Native title has dramatically altered the law and public policy in Australia. It has had a fundamental impact on social relations between Indigenous and non-Indigenous Australians. The courts have played a central role in its development, and continue to do so.
Fifteen years have seen the evolution of native title from uncertain foundations to an arguably comprised jurisprudence.
Lisa Strelein traces the development of the courts' thinking from the original decision Mabo v Queensland (No.2), through to the significant High Court cases in 2002, and the Federal Court's implementation in cases like De Rose, and the Bennell decision in 2008.
Each chapter contains a discrete analysis of the most significant cases during the period. A time line maps the key doctrines while the book's conclusion identifies the underlying themes and contradictions in the law.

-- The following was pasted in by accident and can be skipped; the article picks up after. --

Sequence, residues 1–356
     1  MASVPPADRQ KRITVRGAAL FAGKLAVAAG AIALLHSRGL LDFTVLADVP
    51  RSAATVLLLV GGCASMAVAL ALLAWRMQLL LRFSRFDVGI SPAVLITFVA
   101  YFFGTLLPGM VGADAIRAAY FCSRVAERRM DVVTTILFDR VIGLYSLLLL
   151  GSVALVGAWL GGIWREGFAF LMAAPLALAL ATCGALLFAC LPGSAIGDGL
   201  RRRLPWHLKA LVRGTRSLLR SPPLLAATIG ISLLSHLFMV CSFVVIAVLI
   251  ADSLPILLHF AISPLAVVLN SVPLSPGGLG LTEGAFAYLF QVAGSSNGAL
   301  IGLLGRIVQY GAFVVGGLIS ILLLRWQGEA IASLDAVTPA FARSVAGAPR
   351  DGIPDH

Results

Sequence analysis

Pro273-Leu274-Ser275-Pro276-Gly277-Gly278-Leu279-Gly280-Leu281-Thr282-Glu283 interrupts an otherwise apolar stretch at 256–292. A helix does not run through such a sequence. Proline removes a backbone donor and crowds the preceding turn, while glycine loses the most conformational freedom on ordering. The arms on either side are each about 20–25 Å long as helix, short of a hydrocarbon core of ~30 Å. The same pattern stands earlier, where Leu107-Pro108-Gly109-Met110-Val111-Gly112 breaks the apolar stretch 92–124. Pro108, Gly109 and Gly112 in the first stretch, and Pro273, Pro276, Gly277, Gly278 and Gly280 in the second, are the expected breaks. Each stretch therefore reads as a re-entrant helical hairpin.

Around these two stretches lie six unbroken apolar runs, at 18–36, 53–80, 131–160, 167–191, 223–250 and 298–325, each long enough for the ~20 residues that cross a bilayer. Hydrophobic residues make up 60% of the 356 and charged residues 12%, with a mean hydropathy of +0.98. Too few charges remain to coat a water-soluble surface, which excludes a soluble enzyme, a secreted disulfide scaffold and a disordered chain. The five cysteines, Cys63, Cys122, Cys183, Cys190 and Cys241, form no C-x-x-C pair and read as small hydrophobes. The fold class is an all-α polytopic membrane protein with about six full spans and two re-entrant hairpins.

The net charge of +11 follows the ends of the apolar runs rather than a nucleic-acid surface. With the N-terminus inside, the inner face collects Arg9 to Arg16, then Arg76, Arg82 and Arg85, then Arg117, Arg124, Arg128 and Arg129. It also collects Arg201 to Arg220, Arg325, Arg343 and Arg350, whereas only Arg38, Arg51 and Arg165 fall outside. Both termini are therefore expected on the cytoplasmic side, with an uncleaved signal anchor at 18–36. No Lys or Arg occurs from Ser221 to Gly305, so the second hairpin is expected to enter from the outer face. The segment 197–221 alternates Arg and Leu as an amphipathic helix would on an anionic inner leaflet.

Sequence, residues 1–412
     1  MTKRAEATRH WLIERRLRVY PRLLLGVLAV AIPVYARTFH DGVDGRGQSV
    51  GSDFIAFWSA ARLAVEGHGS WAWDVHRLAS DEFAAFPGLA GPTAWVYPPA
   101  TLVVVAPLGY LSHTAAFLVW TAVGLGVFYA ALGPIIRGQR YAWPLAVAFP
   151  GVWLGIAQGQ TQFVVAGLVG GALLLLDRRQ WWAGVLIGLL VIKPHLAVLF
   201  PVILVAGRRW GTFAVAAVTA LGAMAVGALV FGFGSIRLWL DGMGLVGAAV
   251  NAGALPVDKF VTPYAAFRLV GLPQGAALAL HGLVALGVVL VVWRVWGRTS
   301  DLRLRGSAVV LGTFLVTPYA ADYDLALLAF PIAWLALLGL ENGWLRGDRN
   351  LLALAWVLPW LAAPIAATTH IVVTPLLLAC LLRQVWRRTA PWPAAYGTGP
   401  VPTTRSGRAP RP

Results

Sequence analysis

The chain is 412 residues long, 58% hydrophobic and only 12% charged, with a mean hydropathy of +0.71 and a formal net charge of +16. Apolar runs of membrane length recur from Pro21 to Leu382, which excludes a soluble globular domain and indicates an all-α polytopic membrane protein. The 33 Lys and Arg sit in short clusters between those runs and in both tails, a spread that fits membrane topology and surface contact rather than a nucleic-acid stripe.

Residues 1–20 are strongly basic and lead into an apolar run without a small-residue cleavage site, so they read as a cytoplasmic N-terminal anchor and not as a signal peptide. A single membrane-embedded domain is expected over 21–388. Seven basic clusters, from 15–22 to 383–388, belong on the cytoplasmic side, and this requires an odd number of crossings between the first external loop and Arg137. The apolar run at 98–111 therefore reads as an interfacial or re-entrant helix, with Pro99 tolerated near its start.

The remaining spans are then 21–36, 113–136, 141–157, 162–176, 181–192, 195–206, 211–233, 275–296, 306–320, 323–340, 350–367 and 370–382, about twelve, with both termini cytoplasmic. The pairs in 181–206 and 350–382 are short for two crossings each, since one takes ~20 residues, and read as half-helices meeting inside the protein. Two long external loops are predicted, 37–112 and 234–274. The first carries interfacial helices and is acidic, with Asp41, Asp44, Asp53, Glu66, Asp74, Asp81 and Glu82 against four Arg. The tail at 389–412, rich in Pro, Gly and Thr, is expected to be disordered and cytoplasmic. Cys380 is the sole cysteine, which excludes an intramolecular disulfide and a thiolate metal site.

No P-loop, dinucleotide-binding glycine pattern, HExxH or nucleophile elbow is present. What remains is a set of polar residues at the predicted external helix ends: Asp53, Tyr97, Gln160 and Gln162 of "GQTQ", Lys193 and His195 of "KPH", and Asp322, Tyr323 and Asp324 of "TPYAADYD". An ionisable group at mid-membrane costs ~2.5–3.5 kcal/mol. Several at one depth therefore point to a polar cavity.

Compromised Jurisprudence: Native Title Cases Since Mabo is the only critical non-textbook analysis of native title law. The new edition contains an updated annotated case list, while a revised introduction and conclusion comment on recent developments.
About the author
Lisa is Director of AIATSIS Research Program and Director of the Native Title Research Unit (NTRU). Her research and publications have focused on the relationship between Indigenous peoples and the state, and the role of the courts in defining Indigenous peoples’ rights. She has made a significant contribution to academic debate on native title in Australia.
The work of a gifted legal scholar and writer, Compromised Jurisprudence contains many valuable lessons and insights that Indigenous rights advocates around the world will be able to utilise in their own legal efforts aimed at decolonisation of Indigenous peoples under both domestic and international law.— Robert A Williams, Jr., Professor of Law, University of Arizona
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